The pandemic has hit vehicle and parts production globally, and production in China, the world’s biggest auto market, relies heavily on imported chips for electronic parts such as electronic control units and electronic stability programs.
“The chip supply for certain automotive electronic components has been affected due to uncertainties caused by the pandemic,” a Volkswagen representative told Reuters in an emailed statement.
“This has led to a potential interruption in automotive production, with the situation getting more critical as demand has risen due to the full speed recovery of the Chinese market,” the statement, which refers to China’s overall auto production and not specifically Volkswagen’s, said.
One senior industry official, who declined to be named, told Reuters that he expects the shortage of chips will continue to impact China’s car production for a while and several international and local car companies will face production interruptions in the short-term but at different levels.
The way that COVID manages to get in the way of every aspect of our lives never ceases to surprise me.
Daimler suddenly woke up to realize that it’s 2008 and it needs to chase after this new “Tesla” company everyone is talking about. What’s happening now is that the giganto-manufacturer is shifting resources away from suppliers and towards software, as the Financial Times reports:
Daimler will cut out traditional parts makers in order to fund a software development push that will involve hiring thousands of coders to build an operating system that rivals Tesla’s.
The Mercedes-Benz owner would buy fewer electronic components and “replace supplier development costs with personnel, building and computing costs”, Ola Kallenius, the company’s chief executive, told the Financial Times.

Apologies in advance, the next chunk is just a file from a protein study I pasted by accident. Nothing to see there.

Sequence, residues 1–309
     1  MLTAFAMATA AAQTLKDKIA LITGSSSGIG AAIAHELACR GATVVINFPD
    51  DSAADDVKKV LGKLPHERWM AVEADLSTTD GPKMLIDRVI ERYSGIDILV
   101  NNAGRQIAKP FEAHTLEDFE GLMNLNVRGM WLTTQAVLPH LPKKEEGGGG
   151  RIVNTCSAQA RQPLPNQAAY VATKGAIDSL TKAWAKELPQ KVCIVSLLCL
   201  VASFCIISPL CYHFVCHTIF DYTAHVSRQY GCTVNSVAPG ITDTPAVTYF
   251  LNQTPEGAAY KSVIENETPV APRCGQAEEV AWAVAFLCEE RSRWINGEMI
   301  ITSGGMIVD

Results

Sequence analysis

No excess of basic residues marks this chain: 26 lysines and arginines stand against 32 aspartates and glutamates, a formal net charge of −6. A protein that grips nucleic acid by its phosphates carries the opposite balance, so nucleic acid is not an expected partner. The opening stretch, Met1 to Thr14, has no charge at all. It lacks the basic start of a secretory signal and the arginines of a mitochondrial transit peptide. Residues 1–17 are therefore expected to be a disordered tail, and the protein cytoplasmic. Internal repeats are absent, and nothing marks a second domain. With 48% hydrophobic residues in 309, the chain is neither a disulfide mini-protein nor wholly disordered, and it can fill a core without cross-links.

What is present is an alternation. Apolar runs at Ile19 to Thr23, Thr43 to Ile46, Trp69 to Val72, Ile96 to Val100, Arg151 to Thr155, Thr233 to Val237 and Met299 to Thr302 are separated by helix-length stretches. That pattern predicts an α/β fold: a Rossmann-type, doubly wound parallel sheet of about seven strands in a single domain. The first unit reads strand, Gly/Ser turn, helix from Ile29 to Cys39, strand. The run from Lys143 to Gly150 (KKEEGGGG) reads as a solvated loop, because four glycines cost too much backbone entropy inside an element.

“Down the road, once we have gotten farther in this endeavour, I believe we could actually operate at a lower fixed cost level,” the Swedish boss added.
“We will pay less money to suppliers and then employ people in other places.”
Shifting things around in terms of the supplier network is no joke in the car world, which is nothing but supplier relationships.
Gasoline is still absurdly cheap here in the States, but that may soon change as crude hit a recent high on the back of an agreement between OPEC and Russia, as the Financial Times explains:
Oil prices hit the highest level since March after major producers agreed to a cautious increase in output that eased fears of oversupply.
Brent crude, the international benchmark, rose 1.4 per cent to $49.39 a barrel. US marker West Texas Intermediate climbed by a similar margin to $46.51.
On Thursday evening, Russia and Opec forged an agreement to boost oil supply by 500,000 barrels a day from January, which was a quarter of what they had agreed to previously.
The FT cited the head of a research fund to caution that prices probably won’t rise much beyond that until midway through 2021, when travel gets back going thanks to vaccines. I’m not holding my breath.
I bought a heat lamp a few weeks back and it’s the wisest purchase I’ve made in some time.